|Chris Ware was born in Omaha, Nebraska in 1967, attending The University of Texas at Austin in the late 1980s where he published a regular comic strip in the student newspaper, a habit he was to continue upon moving to Chicago in 1992, producing material which has formed the bulk of his regular periodical, The ACME Novelty Library, since 1994, and which attained its 20th issue with “Lint” in 2010. Offering both serialized stories and short experiments in comics form, a confusing collection of the same name was issued in hardcover by Pantheon Books in 2005. From the floppier periodical coalesced the graphic novel Jimmy Corrigan — the Smartest Kid on Earth (Pantheon, 2000) which received an American Book Award in 2000, the Guardian First Book Award in 2001, and the extraordinarily obscure French comics award "L'Alph Art" in 2003. Ware an occasional contributor to This American Life and a more regular contributor to The New Yorker, and was the cartoonist chosen to inaugurate the New York Times Magazine’s “Funny Pages” section in late 2005. In 2004 he guest edited the 13th issue of McSweeney’s Quarterly Concern and was the guest editor of Houghton-Mifflin's Best American Comics 2007. He is currently still at work on the graphic novel "Rusty Brown," though his lengthy and expensive graphic novel "Building Stories" was published in 2012 and was named one of the Top Ten Fiction Books of the Year by The New York Times and Time Magazine, as well as the Best Book of the Year by Publishers Weekly; it also won the Lynd Ward award for best graphic novel of the year in 2013.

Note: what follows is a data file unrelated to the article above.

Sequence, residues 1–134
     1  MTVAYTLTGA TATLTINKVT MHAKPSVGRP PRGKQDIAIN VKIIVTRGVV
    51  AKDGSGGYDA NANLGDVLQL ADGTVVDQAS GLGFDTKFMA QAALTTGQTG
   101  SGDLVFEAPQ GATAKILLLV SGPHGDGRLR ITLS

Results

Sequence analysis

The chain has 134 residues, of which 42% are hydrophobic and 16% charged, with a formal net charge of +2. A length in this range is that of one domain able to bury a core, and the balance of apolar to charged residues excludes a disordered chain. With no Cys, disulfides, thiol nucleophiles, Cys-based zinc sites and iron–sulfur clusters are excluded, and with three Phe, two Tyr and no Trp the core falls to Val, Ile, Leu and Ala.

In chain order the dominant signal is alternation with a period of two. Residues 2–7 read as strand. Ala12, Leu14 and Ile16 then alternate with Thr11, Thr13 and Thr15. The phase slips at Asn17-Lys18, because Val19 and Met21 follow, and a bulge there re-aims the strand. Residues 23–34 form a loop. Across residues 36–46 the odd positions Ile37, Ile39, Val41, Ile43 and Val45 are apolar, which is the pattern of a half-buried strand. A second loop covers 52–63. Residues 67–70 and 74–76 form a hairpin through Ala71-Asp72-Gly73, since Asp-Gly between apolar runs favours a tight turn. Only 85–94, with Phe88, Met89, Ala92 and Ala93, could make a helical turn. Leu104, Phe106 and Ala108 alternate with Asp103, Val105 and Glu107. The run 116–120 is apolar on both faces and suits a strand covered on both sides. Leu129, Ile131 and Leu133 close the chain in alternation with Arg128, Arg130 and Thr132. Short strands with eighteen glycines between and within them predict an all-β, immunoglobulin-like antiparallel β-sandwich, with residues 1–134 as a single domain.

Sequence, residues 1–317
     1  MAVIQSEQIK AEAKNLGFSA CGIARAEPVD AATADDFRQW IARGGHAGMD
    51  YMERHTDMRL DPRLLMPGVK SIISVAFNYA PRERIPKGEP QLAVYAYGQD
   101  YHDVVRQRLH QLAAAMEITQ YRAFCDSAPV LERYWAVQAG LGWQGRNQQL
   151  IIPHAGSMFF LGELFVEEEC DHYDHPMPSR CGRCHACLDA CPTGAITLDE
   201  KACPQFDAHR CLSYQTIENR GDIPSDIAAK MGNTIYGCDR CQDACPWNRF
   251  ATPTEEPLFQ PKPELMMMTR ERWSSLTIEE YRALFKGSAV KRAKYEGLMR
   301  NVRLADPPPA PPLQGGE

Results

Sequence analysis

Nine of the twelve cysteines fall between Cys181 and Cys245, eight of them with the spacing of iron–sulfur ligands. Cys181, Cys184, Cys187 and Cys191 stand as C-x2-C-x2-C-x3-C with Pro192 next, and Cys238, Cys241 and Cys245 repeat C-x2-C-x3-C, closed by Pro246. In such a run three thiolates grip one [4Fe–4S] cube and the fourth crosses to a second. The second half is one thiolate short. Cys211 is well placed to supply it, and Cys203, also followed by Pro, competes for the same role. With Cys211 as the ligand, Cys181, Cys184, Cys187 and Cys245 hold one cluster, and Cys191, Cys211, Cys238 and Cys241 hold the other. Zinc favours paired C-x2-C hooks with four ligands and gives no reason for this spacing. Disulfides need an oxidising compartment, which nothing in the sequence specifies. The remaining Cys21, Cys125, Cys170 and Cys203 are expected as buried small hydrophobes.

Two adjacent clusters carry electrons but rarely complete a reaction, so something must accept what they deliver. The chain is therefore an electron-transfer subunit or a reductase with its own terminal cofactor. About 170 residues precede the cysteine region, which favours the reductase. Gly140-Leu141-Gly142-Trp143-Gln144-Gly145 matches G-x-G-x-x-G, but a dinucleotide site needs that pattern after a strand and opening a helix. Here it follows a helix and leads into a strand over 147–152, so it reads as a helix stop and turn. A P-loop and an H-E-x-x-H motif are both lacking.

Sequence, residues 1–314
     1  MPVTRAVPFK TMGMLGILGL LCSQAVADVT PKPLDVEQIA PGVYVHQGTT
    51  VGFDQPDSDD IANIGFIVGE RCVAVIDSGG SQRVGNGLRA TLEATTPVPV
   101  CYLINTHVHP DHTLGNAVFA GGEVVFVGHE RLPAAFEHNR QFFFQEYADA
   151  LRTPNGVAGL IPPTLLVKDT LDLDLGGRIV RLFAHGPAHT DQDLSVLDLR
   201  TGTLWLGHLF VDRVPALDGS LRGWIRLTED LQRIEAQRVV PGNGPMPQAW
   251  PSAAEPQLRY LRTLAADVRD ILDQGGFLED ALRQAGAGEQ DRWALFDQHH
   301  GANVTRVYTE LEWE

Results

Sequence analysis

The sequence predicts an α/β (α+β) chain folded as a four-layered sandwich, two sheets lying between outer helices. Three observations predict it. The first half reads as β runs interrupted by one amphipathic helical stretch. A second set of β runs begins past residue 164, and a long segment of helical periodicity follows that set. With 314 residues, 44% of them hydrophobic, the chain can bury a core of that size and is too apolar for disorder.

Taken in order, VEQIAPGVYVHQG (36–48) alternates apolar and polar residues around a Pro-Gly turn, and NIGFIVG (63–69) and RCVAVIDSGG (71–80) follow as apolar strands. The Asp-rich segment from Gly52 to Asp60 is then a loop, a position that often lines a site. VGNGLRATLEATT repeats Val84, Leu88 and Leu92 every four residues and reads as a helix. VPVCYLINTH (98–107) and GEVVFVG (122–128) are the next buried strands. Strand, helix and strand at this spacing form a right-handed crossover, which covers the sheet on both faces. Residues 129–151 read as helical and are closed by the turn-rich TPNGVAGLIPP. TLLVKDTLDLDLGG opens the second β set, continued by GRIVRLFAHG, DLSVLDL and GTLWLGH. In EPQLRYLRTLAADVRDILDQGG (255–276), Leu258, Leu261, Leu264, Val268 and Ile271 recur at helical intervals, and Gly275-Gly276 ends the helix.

Mr. Ware’s work has appeared, inexplicably, in the Whitney Biennial of American Art and has been the focus of solo exhibits at the Museum of Contemporary Art Chicago, the Sheldon Memorial Art Gallery in Lincoln, Nebraska, the Gävle Konstcentrum in Sweden and the Columbus College of Art and Design. He was also awarded a Hoi Fellowship by United States Artists in 2006.
Mr. Ware lives in Oak Park, Illinois with his wife, Marnie, a high school science teacher who works much harder than he does, and their daughter, Clara.